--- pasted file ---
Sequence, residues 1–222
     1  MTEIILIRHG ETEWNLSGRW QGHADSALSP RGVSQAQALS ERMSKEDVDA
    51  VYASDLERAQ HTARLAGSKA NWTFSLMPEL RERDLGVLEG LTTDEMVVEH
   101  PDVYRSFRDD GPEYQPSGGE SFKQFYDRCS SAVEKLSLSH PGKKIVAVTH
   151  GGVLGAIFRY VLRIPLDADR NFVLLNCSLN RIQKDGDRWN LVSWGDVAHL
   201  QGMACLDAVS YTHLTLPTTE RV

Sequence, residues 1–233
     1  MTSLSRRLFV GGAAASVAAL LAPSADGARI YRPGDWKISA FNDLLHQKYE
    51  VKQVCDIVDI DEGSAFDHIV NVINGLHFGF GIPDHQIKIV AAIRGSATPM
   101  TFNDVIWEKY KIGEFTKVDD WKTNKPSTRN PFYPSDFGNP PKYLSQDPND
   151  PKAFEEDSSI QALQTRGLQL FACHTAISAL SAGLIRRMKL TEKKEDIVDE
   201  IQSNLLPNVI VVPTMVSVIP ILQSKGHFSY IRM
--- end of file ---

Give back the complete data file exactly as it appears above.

Sequence, residues 1–222
     1  MTEIILIRHG ETEWNLSGRW QGHADSALSP RGVSQAQALS ERMSKEDVDA
    51  VYASDLERAQ HTARLAGSKA NWTFSLMPEL RERDLGVLEG LTTDEMVVEH
   101  PDVYRSFRDD GPEYQPSGGE SFKQFYDRCS SAVEKLSLSH PGKKIVAVTH
   151  GGVLGAIFRY VLRIPLDADR NFVLLNCSLN RIQKDGDRWN LVSWGDVAHL
   201  QGMACLDAVS YTHLTLPTTE RV

Sequence, residues 1–233
     1  MTSLSRRLFV GGAAASVAAL LAPSADGARI YRPGDWKISA FNDLLHQKYE
    51  VKQVCDIVDI DEGSAFDHIV NVINGLHFGF GIPDHQIKIV AAIRGSATPM
   101  TFNDVIWEKY KIGEFTKVDD WKTNKPSTRN PFYPSDFGNP PKYLSQDPND
   151  PKAFEEDSSI QALQTRGLQL FACHTAISAL SAGLIRRMKL TEKKEDIVDE
   201  IQSNLLPNVI VVPTMVSVIP ILQSKGHFSY IRM